Amount of Play Time on Games is a Powerful Tool for the Player
July 01, 2019Empower the player with analysis of the games they play the most
The State of Online Gaming 2019 states that gamers spend more than seven hours per week playing games. When players think about the amount of time they’ve spent playing video games two opposing mindsets occur quite often:
- Those games were awesome and I enjoyed the crap out of spending my time playing them
- Wow I’ve wasted so much time playing games what am I doing with my life
I’d like to consider a third viewpoint: All this time spent playing your games is the most unique information you have about specific parts of gaming you enjoy the most.
No one else has the same play time across their gaming library as you.
Now, what do you do with that number to make it useful to you? I say combine it with all the parts that make up each game you play. Example of this are the game’s number of players, release date, publisher, platform, etc.
Why? Doing so can paint a picture of your gaming interests at a higher level than an individual game while being unique to what you and you alone enjoy the most (or least). This can lead to interesting info that I believe is under-explored by players. For example, players could discover they enjoy specific game engines, specific ranges of time to complete, themes in games or specific years or sets of years of games or a multitude of other facets that make up the games they play — all of them unique to them as an individual player.
I’ve been working to help players do this at Games I Play. Currently in beta, it makes it easy for players to view their time played in combination with a game’s developer, game engine, theme and more. Player’s play time data is not sold to any third parties on Games I Play.
Useful services can be built around the player’s interest in games based on their play time. For example, inferring a player is interested in a game that is in their top 10 games when organizing by most play time seems like a safe inference to make. Based on this, the player is most likely interested in additional content revolving around those top 10 games. In many cases nowadays, the player needs to go and search that content out themselves. Most platforms make the player manually follow a game to receive updates on it. Providing some automation around this process can provide major benefits to both the player and the developer.
Specifically, the player could automatically get updates for games they actually enjoy based on a purer metric than purchase history or forcing a manual follow/tracking of every game they care about. It’s certainly useful for players to be able to explicitly choose to follow a game, but information can still get lost or missed if they don’t set this process up for every game they are interested in following closely.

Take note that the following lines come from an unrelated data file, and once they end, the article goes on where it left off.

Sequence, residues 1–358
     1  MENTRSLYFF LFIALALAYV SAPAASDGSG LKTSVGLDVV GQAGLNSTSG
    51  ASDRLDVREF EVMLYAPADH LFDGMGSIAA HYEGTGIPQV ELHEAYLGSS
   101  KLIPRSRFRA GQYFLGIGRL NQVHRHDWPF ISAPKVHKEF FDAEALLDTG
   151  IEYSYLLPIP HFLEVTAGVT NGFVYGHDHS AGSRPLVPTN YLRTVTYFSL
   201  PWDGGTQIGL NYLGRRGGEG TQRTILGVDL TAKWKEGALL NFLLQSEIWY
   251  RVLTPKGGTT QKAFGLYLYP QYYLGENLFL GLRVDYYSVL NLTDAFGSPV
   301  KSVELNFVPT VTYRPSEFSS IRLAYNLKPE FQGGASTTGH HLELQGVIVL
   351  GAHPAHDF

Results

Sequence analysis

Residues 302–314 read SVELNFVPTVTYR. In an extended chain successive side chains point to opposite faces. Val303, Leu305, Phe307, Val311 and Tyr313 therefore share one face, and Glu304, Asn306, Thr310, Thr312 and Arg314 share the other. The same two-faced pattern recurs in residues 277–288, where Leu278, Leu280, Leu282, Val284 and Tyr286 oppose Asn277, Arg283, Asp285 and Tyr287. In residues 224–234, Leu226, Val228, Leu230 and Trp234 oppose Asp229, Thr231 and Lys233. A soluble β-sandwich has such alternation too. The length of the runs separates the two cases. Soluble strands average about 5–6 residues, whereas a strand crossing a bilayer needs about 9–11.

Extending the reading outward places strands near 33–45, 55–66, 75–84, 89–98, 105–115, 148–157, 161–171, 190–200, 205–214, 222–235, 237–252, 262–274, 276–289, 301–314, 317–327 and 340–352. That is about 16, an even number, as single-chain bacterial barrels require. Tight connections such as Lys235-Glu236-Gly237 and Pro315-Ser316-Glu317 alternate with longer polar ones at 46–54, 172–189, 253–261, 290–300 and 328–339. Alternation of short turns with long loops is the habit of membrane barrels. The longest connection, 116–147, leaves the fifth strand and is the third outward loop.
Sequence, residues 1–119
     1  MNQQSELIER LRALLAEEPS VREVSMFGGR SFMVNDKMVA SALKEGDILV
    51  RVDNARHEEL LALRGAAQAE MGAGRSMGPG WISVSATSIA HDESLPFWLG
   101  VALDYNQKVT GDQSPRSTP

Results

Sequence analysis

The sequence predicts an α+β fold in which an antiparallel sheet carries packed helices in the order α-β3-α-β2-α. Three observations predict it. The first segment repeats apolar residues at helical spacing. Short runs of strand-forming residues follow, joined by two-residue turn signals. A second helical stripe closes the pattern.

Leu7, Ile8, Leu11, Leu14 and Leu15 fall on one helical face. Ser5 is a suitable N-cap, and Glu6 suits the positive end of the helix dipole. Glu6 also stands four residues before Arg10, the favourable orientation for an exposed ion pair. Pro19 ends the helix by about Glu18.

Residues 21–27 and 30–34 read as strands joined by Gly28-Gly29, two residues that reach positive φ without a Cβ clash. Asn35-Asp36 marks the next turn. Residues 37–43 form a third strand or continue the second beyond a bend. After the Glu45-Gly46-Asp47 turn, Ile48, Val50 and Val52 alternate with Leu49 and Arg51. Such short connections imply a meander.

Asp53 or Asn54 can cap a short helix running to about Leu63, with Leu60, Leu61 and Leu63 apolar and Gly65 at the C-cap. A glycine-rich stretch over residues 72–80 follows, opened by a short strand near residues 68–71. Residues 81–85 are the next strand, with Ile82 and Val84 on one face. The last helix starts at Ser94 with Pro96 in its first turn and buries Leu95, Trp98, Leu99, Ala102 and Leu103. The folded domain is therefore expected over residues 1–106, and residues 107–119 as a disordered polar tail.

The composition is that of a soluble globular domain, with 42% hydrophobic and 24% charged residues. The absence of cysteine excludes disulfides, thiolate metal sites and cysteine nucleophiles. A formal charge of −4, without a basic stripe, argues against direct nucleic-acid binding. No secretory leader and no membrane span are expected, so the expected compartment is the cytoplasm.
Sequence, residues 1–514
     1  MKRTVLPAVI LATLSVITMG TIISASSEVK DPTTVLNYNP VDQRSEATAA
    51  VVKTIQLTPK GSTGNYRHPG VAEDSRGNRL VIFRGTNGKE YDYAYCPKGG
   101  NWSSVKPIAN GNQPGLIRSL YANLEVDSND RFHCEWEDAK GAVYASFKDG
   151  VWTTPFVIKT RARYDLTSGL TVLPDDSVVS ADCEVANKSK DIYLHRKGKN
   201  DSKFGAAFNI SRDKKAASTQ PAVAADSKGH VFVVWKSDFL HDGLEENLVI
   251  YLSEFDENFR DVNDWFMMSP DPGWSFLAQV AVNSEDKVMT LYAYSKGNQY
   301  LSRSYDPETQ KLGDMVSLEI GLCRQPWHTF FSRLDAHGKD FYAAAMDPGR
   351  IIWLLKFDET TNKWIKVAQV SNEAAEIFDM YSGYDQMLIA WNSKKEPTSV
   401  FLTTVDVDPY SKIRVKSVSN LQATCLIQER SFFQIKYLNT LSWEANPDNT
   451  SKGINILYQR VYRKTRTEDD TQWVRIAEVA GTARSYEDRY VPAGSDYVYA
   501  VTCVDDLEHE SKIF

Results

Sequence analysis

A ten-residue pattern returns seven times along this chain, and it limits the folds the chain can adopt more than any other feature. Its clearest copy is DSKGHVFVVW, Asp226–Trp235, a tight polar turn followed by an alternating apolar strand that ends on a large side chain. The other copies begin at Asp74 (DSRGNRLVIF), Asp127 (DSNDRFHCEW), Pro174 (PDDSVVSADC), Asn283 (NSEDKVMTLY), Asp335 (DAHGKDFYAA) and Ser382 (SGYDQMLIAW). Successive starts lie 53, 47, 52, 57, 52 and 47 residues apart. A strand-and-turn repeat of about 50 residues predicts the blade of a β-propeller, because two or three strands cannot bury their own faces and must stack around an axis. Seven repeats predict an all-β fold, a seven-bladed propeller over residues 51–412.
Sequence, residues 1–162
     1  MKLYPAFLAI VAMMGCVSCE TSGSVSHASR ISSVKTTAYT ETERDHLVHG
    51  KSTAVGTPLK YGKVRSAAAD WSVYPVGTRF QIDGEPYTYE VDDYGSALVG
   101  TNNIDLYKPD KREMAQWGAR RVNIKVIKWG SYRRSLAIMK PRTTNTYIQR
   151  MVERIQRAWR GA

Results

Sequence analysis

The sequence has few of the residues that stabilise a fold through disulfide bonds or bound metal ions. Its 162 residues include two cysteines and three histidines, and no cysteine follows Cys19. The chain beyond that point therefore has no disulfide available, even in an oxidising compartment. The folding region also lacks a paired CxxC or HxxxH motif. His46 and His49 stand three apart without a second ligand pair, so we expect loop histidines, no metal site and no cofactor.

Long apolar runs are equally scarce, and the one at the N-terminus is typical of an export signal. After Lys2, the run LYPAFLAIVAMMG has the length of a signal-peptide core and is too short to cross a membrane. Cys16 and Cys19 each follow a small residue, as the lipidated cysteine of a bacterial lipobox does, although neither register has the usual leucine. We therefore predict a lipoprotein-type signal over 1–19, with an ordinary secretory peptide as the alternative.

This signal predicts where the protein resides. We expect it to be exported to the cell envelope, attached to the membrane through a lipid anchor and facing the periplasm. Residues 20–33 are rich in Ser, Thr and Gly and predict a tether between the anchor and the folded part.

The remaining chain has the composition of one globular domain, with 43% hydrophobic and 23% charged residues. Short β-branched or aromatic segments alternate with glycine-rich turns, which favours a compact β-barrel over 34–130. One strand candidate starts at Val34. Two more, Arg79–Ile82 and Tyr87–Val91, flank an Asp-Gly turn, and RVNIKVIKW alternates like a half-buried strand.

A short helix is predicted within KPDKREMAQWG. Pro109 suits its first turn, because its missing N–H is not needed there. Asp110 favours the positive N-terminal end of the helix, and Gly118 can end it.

Some major platforms allow the player to see their playtime for each game for all games:
- Nintendo Switch (the 3DS and WiiU also did this)
- GOG Galaxy
- Xbox One (and PC in some cases)
However, they don’t necessarily show player’s play time combined with other characteristics of their games. I’m interested in making it easier for players to take advantage of their play time on a broader scale. Not for simple game recommendations, but learning more about the games they play and making it easier for players to explore the metadata around their most played games. I’ve been working on Games I Play to help players explore characteristics of games they play on these platforms like Steam and Xbox. Currently with the site, filters can be built to create highly flexibly views into their gaming:
The setup for this is just connecting your public profile for the gaming Platform you want to add (e.g., Steam). Additionally, a news feed is curated with top news about your most played games. This news feed is automatically kept up to date based on your most played games as that list changes while you play.
Consider the games you play. They probably have a multitude of characteristics in common, but just as many characteristics set them apart. Take advantage of your unique history of game play time and discover more about the games you play.
Written by Jordan Polaniec, who loves software. You can follow him on Twitter